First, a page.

Trump wants to deport millions of Americans. Here’s how we can stop him.


In the days leading up to Trump’s inauguration, Fusion is highlightingsome of the issues most important to you. In addition to breaking down where Trump stands on those issues and the organizations and people are battling him, we’ve got a handy guide for how you too can support the fight. Today, we’re tackling immigration.

What Trump has been up to:

When Donald Trump kicked off his presidential campaign in June of 2015, he wasted no time laying bare his feelings about immigration—in fact, he led with it. Trump riled up a crowd by telling them, “When Mexico sends its people, they’re not sending their best. They’re not sending you.” He continued, “They’re bringing drugs. They’re bringing crime. They’re rapists,” though he acknowledged that, “some, I assume, are good people.”

Despite being offered many opportunities to walk his statements back, Trump never did. Instead, he doubled down on his assertion that immigration and crime are linked, a claim that has been refuted multiple times, and whipped his supporters into a frenzy over the promise of a wall between the U.S. and Mexico. It was a tried-and-true strategy—harnessing the power of xenophobia to appeal to an electorate insecure about their financial and social status—and it worked. Trump hasn’t wavered in his commitment to building his great wall, but the question of who would pay for it is still up in the air. (That assertion that Mexico would pay for it? Not fucken’ likely.)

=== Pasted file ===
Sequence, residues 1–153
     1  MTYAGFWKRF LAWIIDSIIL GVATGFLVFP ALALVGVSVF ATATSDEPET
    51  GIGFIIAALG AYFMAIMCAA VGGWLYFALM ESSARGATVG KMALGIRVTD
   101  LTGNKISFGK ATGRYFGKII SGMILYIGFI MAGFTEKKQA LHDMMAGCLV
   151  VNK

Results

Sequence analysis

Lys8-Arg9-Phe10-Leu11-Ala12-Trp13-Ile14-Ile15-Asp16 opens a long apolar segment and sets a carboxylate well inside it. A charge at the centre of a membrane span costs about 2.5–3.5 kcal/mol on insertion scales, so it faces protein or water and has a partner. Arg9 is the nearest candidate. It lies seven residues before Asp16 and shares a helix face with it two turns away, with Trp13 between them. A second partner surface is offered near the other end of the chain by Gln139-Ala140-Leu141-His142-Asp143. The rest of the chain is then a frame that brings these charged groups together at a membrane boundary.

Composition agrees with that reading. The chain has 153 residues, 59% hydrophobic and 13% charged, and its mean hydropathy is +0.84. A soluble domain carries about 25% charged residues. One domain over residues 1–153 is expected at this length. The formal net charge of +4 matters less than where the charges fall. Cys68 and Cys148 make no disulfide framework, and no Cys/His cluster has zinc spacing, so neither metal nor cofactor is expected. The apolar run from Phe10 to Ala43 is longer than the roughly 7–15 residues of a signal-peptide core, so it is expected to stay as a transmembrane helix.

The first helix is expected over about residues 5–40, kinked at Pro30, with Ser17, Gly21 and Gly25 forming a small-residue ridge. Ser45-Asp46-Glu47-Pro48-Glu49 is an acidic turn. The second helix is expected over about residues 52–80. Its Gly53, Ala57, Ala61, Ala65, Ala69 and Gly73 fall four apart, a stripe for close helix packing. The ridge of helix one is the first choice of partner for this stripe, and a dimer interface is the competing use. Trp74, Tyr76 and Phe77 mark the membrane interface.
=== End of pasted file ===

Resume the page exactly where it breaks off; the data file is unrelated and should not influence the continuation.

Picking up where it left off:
But there are other things Trump can do to damage immigration reform. He has promised to deport around 3 million undocumented immigrants—possibly more—and vowed to end employment for undocumented residents. The president-elect could undo substantial progress the Obama administration has made in reversing the U.S. Border Patrol’s “culture of violence and impunity.” Trump could also flex a lot of executive muscleon immigration, including beefing up enforcement of deportation orders and mandating high-level scrutiny of visa applicants from certain countries (aka a “moderate” ban on Muslims entering the U.S., a proposal that gained traction after he falsely claimed Syrian refugees weren’t vetted before entering the country). His Attorney General pick, Alabama Senator Jeff Sessions, known for his problematic record on immigrants and immigrant rights, signals that Trump’s anti-immigrant proposals weren’t just empty campaign promises.

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